If he wants to hide, Mother said, let him hide.

Dad said, It's not normal. Dad's voice was loud and mean.

Why are you so worried about what's normal? Mother asked. Her voice was louder now, too.

Louise, Dad said and he put up both of his hands, like two stop signs.

You're not worried about him, she yelled, you're worried about what's normal.

Just tell me why you're so mad, will you? Dad asked.

I can't, Mother said. I'm leaving, she said and then she left.

* * *

Downstairs in the library, the books reach all the way to the ceiling. You have to climb up a ladder to touch the highest ones. I don't like how there are so many books. I don't know which one to pick out and read so I don't read any of them. I put my face up close to the pages and they smell peppery, like how the wood floor smells at home.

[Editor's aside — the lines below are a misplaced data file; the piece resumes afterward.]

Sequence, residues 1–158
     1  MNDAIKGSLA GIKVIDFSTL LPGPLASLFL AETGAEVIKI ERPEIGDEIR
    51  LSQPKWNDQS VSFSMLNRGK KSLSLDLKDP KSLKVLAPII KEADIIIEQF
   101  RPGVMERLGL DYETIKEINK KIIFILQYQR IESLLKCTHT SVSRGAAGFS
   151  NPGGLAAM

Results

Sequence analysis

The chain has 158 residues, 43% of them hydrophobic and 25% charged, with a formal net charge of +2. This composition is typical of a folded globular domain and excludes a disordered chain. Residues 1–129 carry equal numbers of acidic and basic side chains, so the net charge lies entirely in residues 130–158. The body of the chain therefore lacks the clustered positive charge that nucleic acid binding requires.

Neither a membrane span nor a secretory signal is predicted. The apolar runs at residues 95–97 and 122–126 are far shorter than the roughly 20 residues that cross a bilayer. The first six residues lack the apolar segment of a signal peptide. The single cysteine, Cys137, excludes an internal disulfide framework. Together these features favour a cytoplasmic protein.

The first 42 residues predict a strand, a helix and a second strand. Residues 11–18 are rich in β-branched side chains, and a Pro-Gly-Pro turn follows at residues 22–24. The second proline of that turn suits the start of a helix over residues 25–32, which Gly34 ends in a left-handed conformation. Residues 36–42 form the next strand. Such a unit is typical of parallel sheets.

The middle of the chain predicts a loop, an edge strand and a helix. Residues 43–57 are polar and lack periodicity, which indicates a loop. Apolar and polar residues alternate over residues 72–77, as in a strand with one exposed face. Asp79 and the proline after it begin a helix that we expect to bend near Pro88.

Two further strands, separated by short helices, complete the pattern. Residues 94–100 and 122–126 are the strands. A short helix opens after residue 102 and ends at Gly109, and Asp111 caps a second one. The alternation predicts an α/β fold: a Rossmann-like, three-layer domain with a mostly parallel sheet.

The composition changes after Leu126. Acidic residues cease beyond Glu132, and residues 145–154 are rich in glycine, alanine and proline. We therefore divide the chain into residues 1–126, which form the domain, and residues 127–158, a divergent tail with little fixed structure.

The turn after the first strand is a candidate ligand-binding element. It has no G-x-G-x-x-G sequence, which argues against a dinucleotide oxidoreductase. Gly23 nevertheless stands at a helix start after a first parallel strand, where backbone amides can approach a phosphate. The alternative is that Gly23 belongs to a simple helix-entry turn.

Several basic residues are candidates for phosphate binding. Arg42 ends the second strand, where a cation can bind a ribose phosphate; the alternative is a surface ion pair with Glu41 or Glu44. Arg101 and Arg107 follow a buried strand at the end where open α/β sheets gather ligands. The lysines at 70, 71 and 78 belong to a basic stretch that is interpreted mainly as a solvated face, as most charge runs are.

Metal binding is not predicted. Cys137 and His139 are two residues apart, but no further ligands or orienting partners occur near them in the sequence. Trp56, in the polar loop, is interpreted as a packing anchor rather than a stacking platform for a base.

I walk until I find the right spot. At the very top, one shelf has a long empty space. I climb up the ladder to the empty space and make myself fit. I have to lie on my side because when I lie on my back, it feels like I'm going to fall off.

Leo said not to hide.

In the quiet you can tell when you are doing something wrong, because the quiet gets more quiet. I try to hold very still. I think about how nobody's seeing me and nobody's hearing me and then I can pretend to be not here at all. But the shelf is hard and I can feel my body against the shelf and I know I am here.

Leo said not to hide, so I climb down the ladder.

To make the time go by, I look at all the reading posters on the wall. President George Bush reading, and Bill and Ted, from the movie Bill and Ted's Excellent Adventure, both reading and trying to make their faces look smart. My favorite is the one with the kittens climbing around on a pile of books. You can tell the kitten poster is old because it has yellow, turned-up corners and rips fixed with tape.